illimitableness love



from The Century Dictionary.

  • noun The state or quality of being illimitable.

from Wiktionary, Creative Commons Attribution/Share-Alike License.

  • noun The quality of being illimitable; absence of limits.


from Wiktionary, Creative Commons Attribution/Share-Alike License

illimitable +‎ -ness


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  • Matter even of the Intellectual Realm is the Indefinite, [the undelimited]; it must be a thing generated by the undefined nature, the illimitable nature, of the Eternal Being, The One illimitableness, however, not possessing native existence There but engendered by The One.

    The Six Enneads. Plotinus 1952

  • As we ascend, vast new tracts are unrolled on all sides beneath our eyes, and the impression of the desert becomes more distressing by reason of this visible affirmation of its illimitableness.

    The World's Greatest Books — Volume 19 — Travel and Adventure Various 1909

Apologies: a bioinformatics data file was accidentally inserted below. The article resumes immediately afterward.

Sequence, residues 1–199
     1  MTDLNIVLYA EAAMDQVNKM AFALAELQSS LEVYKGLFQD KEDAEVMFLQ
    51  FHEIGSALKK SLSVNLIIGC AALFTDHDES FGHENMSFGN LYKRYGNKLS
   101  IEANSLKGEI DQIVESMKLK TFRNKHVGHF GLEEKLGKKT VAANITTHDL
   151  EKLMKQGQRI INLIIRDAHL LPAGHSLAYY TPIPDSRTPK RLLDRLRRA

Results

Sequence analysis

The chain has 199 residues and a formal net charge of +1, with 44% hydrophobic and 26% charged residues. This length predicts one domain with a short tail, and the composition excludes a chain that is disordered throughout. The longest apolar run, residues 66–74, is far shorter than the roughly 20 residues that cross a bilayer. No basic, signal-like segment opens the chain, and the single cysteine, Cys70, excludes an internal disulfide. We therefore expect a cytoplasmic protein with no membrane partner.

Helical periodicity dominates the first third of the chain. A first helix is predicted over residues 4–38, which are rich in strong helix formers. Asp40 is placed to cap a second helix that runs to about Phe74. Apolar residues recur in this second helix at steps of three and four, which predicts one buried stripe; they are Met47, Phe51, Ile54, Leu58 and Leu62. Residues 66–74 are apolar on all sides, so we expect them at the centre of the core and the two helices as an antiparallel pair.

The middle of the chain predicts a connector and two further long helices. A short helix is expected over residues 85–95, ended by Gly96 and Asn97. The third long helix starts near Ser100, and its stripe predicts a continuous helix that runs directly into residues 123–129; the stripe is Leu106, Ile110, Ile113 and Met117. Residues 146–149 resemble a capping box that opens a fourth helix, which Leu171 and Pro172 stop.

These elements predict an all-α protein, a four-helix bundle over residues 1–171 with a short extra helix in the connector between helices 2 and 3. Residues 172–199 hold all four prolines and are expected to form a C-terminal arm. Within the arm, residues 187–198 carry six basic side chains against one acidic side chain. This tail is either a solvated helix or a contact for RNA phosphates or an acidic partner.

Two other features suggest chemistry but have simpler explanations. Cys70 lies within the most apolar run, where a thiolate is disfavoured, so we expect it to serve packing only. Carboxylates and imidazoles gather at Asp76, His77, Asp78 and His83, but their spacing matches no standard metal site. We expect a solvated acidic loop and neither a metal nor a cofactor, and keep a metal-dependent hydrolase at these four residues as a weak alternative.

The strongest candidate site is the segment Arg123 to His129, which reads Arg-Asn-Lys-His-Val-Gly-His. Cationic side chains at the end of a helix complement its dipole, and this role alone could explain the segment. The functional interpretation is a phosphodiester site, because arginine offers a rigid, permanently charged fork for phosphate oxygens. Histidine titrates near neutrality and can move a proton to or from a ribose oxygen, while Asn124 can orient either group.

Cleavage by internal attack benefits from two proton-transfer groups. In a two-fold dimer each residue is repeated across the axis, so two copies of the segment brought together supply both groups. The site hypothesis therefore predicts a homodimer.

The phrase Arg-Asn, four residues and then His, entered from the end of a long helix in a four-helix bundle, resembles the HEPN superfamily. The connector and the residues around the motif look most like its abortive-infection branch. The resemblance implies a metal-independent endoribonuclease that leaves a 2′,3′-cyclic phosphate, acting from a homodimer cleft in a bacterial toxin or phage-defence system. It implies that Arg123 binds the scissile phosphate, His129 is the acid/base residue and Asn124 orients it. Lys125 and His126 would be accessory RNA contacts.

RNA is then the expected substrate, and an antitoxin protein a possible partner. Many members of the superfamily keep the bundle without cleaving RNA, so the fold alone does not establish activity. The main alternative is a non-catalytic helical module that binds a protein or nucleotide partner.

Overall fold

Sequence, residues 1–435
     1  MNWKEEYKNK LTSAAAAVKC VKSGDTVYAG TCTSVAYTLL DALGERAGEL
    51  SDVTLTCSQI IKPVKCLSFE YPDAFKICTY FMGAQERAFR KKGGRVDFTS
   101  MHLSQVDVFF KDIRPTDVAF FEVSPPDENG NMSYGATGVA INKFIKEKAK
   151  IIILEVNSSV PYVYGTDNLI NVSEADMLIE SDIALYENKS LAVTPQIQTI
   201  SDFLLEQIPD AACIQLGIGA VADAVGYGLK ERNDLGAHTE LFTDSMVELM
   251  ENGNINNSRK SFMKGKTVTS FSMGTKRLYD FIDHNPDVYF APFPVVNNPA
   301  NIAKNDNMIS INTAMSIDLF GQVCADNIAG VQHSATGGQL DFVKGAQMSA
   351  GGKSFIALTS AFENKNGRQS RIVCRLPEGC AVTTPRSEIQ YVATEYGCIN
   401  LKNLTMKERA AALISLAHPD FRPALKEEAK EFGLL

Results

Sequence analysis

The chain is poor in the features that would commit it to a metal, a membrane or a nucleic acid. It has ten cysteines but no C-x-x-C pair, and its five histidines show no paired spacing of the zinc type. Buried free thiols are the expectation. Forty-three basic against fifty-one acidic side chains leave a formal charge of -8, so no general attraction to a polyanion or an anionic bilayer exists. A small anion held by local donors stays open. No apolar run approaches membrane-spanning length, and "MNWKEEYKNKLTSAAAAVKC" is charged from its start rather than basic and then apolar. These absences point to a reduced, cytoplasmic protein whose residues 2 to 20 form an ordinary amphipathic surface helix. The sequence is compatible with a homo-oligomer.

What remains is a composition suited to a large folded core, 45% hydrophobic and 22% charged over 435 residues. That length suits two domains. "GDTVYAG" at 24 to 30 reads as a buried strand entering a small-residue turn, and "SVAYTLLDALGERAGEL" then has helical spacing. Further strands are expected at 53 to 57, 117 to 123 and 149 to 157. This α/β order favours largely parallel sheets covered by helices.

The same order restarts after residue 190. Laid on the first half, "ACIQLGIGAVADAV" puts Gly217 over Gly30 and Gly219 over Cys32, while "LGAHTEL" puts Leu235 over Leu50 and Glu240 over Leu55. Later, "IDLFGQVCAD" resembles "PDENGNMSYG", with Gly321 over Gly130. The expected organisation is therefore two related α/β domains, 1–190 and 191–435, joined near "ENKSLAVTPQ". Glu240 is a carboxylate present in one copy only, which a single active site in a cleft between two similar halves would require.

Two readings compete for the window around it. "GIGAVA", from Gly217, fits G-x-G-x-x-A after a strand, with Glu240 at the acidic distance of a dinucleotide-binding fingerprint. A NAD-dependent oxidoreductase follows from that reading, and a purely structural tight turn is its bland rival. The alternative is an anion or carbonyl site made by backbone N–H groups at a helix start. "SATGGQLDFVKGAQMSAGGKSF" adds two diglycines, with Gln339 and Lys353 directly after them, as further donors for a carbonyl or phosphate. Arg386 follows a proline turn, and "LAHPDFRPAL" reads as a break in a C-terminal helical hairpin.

• I know in my heart that all the hills on earth, with all their halos on them, their cities of leaves, and circles of life, would not take the place to me, in mystery, closeness, illimitableness, and wonder -- of one man.

    The Lost Art of Reading Gerald Stanley Lee 1903

  • There are two limits: one is the boundless illimitableness of God's perfection, and the possibilities of our possession of Him are not exhausted until we have reached that infinite completeness.

    Expositions of Holy Scripture Deuteronomy, Joshua, Judges, Ruth, and First Book of Samuel, Second Samuel, First Kings, and Second Kings chapters I to VII Alexander Maclaren 1868

  • This mighty, irresistible proof -- accompanied by an ever-increasing knowledge of the conformability to a purpose in everything we see around us, by the conviction of the boundless immensity of creation, by the consciousness of a certain illimitableness in the possible extension of our knowledge, and by a desire commensurate therewith -- remains to humanity, even after the theoretical cognition of ourselves has failed to establish the necessity of an existence after death.

    The Critique of Pure Reason Immanuel Kant 1764

  • “Whitman was a child of the sea,” said Mr. Burroughs; “nurtured by the sea, cradled by the sea; he gave one the same sense of invigoration and of illimitableness that we get from the sea.

    Our Friend John Burroughs Barrus, Clara, 1864-1931 1914


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